Calif. Law Puts Sex Offenders on the Streets
JACKI LYDEN, host:
This is ALL THINGS CONSIDERED from NPR News. I'm Jacki Lyden.
In 2006, the state of California passed a new law aimed at keeping sex offenders away from children. It was called Jessica's Law, and required monitoring of some of the state's over 67,000 sex offenders.
But a new report by the California Sex Offender Management Board says that the law is having some unintended consequences. It's made it impossible for many sex offenders to find homes and sent them onto the streets to live.
Joining us to discuss this report is Dr. Tom Tobin who's vice chairman of the board monitoring California's management of sex offenders.
Dr. Tobin, hello.
Dr. TOM TOBIN (Vice Chairman, California Sex Offender Management Board): Hello. It's nice to be with you.
LYDEN: So what part of Jessica's Law has made it difficult for sex offenders to find housing?
Dr. TOBIN: Well, one part of the law, and even though it's in terms of words, it's one of the very smallest parts, in terms of consequences, it's one of the most significant parts, is the part that says that no registered sex offender in California may live within 2,000 feet of a school or a park where children gather.
So those few words have had ripple consequences that some were anticipated, some were not anticipated.
LYDEN: Do you have any rough count of how many people have actually become homeless as a result of this?
Dr. TOBIN: What we know is that the number has increased from something like the low 100s to the, I believe, 400 or 500 number since the law has passed. Now, we have to remember that this law at this point is only being applied to those who were released from prison after the date the law was passed. So as that number increases month by month by month, the number to whom the law is applied increases as well. So, we're just seeing the beginnings of this, but we're seeing significant changes in the rate of homelessness.
LYDEN: So how do authorities monitor sex offenders? Is this very hard?
Dr. TOBIN: Many people think that sex offenders are monitored forever. That's not really true. As with any other person convicted of an offense, they come out of prison, and they have a limited period of formal criminal-justice supervision.
LYDEN: But isn't it always hard to monitor somebody who doesn't have an address, who's homeless?
Dr. TOBIN: Oh, absolutely, and that's really one of the main concerns, and I think from almost every direction you find people making the statement that I would rather know where a sex offender lives and be able to find him when I need to than have him homeless, transient and have no idea where he is.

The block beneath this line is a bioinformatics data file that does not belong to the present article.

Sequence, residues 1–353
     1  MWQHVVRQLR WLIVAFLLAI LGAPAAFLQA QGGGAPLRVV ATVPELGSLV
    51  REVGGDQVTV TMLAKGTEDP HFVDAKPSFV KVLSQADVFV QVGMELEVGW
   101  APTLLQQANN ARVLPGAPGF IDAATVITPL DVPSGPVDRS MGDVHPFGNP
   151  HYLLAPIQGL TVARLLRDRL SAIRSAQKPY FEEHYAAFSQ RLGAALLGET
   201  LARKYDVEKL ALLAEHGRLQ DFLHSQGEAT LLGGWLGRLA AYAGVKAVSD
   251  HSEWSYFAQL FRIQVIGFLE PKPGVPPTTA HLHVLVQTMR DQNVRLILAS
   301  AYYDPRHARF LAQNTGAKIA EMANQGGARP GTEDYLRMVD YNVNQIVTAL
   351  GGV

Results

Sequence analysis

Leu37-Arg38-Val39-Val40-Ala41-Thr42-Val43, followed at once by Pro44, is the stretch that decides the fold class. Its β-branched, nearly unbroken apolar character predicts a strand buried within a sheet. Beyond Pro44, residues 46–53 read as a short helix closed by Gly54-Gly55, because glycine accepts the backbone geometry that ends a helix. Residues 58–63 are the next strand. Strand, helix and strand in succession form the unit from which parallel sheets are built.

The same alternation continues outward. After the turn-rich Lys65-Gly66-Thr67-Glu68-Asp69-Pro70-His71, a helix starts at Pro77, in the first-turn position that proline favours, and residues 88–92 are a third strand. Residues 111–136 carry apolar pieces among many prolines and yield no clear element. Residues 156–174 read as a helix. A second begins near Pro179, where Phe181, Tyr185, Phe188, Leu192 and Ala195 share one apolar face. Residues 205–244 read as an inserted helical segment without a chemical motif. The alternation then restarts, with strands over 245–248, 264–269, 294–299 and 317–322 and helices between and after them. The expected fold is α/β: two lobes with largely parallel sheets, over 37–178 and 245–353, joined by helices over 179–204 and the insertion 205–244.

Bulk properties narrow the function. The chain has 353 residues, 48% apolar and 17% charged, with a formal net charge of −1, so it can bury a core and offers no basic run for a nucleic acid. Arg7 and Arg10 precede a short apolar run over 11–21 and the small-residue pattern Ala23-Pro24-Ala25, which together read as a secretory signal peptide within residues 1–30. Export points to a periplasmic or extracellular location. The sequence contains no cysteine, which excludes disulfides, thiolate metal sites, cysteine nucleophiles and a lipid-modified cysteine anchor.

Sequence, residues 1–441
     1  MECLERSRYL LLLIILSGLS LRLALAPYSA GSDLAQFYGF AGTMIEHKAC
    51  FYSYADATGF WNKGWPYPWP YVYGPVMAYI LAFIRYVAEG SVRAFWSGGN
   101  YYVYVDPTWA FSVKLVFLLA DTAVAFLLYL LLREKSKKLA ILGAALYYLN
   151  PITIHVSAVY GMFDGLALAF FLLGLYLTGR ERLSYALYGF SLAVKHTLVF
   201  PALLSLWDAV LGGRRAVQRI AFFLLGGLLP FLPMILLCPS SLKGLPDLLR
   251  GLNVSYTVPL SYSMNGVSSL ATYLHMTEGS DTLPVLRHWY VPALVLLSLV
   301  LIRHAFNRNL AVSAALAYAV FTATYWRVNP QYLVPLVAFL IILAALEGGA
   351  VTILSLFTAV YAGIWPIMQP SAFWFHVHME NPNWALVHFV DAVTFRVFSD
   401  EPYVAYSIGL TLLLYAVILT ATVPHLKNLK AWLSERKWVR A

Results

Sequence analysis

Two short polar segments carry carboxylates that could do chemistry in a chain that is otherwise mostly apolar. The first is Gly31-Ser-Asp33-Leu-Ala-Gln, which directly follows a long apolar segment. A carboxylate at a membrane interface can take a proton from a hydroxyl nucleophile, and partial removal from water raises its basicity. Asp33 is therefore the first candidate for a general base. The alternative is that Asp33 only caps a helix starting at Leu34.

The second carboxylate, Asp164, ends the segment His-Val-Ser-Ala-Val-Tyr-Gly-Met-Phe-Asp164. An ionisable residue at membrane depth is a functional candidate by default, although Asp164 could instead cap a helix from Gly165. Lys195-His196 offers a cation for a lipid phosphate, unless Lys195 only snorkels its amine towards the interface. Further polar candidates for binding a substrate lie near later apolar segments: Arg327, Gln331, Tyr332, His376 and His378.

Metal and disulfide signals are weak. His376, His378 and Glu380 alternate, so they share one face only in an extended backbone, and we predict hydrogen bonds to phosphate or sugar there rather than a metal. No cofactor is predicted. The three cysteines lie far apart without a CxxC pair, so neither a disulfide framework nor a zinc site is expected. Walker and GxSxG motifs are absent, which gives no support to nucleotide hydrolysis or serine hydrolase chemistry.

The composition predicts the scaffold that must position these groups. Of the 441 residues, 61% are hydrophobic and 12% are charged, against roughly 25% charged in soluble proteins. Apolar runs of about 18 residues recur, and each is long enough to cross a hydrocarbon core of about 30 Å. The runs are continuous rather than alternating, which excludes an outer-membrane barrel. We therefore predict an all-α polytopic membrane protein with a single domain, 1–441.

LYDEN: What about the recidivism rate? I mean, how does homelessness affect that?
Dr. TOBIN: Well unfortunately, we do not have any really good studies of the recidivism rate of sex offenders as related to homelessness. What we do, however, have is research that tells us what increases the risk of a sex offender re-offending, and we know that there are some factors that are changeable, and those factors that have been identified have to do with the failure of the individual's support systems, have to do with what we could call emotional meltdown, a feeling of sometimes depression or anxiety or anger, the increased use of alcohol or other drugs. I think common sense would tell us that it's more likely to affect someone in a negative way emotionally than if that person was stable, had a support network, had a family and so forth.
LYDEN: All right. Dr. Tom Tobin is vice chairman of the California Sex Offender Management Board. Thanks very much for speaking with us.
Dr. TOBIN: You're very welcome.
NPR transcripts are created on a rush deadline by Verb8tm, Inc., an NPR contractor, and produced using a proprietary transcription process developed with NPR. This text may not be in its final form and may be updated or revised in the future. Accuracy and availability may vary. The authoritative record of NPR’s programming is the audio record.